The National Sport of Japan is Sumo.
Sumo in Japan is a deeply-rooted tradition, blending sports, culture, and spirituality for centuries.
To learn more about sports culture in Japan, read our article about the most popular sports in Japan.
Table of Contents
#1 History of Sumo
- Unknown: The origin of Sumo is uncertain, but it is believed to have been practiced in Japan for nearly 2,000 years, with roots in ancient Shinto rituals.
- 8th Century: The first mention of Sumo in historical writings appears. It was originally a performance to entertain the gods, praying for a good harvest and for victory in battle.
- 17th Century: During the Edo Period, professional sumo wrestlers begin competing for monetary prizes, leading to the development of modern Sumo rules and techniques.
- 1884: The Japan Sumo Association is founded, governing the professional sport of Sumo and organizing tournaments.
- 1909: The first official tournament is held at the Ryogoku Kokugikan, which becomes the primary Sumo venue in Tokyo.
- 1958: The six-tournament (honbasho) system is established, with three tournaments held in Tokyo and one each in Osaka, Nagoya, and Fukuoka.
#2 Culture and Traditions
Sumo has played an essential role in Japan’s cultural identity for centuries. The sport is deeply steeped in religious and traditional rituals, with competitors participating in purification ceremonies before bouts. It is not just a competitive sport, but also a form of living art, cherished as part of Japan’s cultural heritage.
Festivals and events centered around Sumo are celebrated throughout the country. One of the most prominent is the “honbasho,” a professional sumo tournament that spans over 15 days. Before each tournament, the “dohyō-iri” ritual takes place, where wrestlers clad in traditional outfits enter the ring and perform a dance to pay homage to the gods.
Another significant aspect of Sumo culture is the lifestyle of wrestlers, who typically live and train together under strict regimens. This promotes discipline and camaraderie, fostering a sense of community and commitment to the traditions of the sport.
#3 How it Works: Rules, Gameplay and Equipment
📕 Rules & Gameplay
- Bout Objective: Wrestlers attempt to force their opponent out of the ring (dohyō) or make them touch the ground with any body part other than the soles of their feet.
- Match Duration: Sumo bouts are typically short, sometimes lasting just a few seconds to a minute or two.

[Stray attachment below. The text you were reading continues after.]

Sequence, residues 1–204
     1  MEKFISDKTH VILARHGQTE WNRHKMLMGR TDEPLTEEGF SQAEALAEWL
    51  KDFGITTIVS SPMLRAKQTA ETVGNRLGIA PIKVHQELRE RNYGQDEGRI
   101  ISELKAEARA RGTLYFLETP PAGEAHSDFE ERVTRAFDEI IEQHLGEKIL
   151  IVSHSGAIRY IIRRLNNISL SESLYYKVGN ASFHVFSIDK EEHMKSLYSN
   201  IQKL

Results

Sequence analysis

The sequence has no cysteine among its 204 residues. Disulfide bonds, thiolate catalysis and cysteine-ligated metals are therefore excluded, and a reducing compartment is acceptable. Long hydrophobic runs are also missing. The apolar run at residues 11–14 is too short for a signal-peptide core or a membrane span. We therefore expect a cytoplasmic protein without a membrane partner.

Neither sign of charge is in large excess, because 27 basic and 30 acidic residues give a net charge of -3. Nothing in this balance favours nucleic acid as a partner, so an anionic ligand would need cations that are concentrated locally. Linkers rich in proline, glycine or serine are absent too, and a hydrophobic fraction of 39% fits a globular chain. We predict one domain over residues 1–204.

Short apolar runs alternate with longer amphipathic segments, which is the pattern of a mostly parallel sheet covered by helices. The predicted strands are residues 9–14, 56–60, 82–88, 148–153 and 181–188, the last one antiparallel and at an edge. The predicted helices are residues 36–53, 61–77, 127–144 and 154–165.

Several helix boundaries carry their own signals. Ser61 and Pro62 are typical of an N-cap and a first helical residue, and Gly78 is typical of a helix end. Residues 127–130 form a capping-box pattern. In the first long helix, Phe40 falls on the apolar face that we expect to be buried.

- Single-elimination: Wrestlers are eliminated from the tournament after one loss.
- Ranking: Wrestlers are ranked by a hierarchy system, with the highest-ranking wrestler being the Yokozuna.
⚙️ Equipment & Gear
- Dohyō: The sumo ring, made of clay and measuring 15 feet in diameter, is bordered by a straw rope buried in the soil.
- Mawashi: A thick, heavy cloth belt worn by wrestlers during bouts.
- Shikiri-sen: Two parallel white lines in the center of the dohyō, indicating where the wrestlers must crouch before the initial charge.
- Tegatana: A traditional hand gesture performed by the wrestlers to show they are not concealing weapons.
#4 Modern Development of Sumo
In contemporary times, Sumo has evolved and adapted to remain relevant. While the ancient rituals and cultural aspects are preserved, there have been some changes in the way the sport is approached. Engagement with fans and international appeal are crucial, which has led to a more global audience and increased popularity outside of Japan.
Technology has also played a role in affecting Sumo, with advancements like slow-motion cameras helping referees make more accurate decisions during crucial bouts. Additionally, the athletes themselves have changed, often featuring larger, stronger wrestlers to adapt to the modern era’s physical demands.
However, recent decades have brought challenges, such as scandals involving match-fixing and hazing within sumo stables. These issues have been addressed, and the Japan Sumo Association is taking measures to ensure that the sport remains focused on preserving its heritage while adapting to the demands of the modern era.
#5 Sumo and the Olympics
Despite its long and storied history, Sumo has never been an official sport at the Olympic Games. However, it has been showcased as a demonstration sport during the 1964 Tokyo Olympics. As one of Japan’s most iconic sports, it helped introduce Sumo to a wider audience and piqued global interest.
While Sumo has not yet gained official Olympic recognition, its exposure during the Games and other international events has contributed to the sport’s growth in popularity outside Japan. This has led to an increasing number of foreign athletes taking part in professional Sumo tournaments, helping to diversify the sport and further its international reach.
#6 Famous Athletes and Achievements
- Taihō Kōki: Considered one of the greatest Sumo wrestlers of all time, Taiho won 32 Emperor’s Cup titles, which was a record until 2000.
- Chiyonofuji Mitsugu: Known for his impressive strength and technique, Chiyonofuji secured 31 Emperor’s Cup titles and was one of the most dominant Yokozuna during the 1980s.
- Hakuho Shō: This Mongolian-born wrestler is regarded as one of the best in modern Sumo, with 45 Emperor’s Cup titles to his name.
- Futabayama Sadaji: A legendary Yokozuna who achieved a remarkable 69 consecutive bout victories from 1936-1939, a record that stood until 2010.
#7 Where to watch Sumo
- NHK: Japan’s national public broadcaster provides in-depth coverage of Sumo tournaments in Japanese and English, through both TV broadcasts and streaming services.
- AbemaTV and YouTube: Online streaming services like AbemaTV and YouTube also occasionally broadcast live feeds of Sumo tournaments and highlight reels for fans around the world.
- Ryogoku Kokugikan (Tokyo), Ōsaka Prefectural Gymnasium (Osaka), and Aichi Prefectural Gymnasium (Nagoya): Iconic venues in Japan to watch live Sumo matches and experience the electrifying atmosphere firsthand.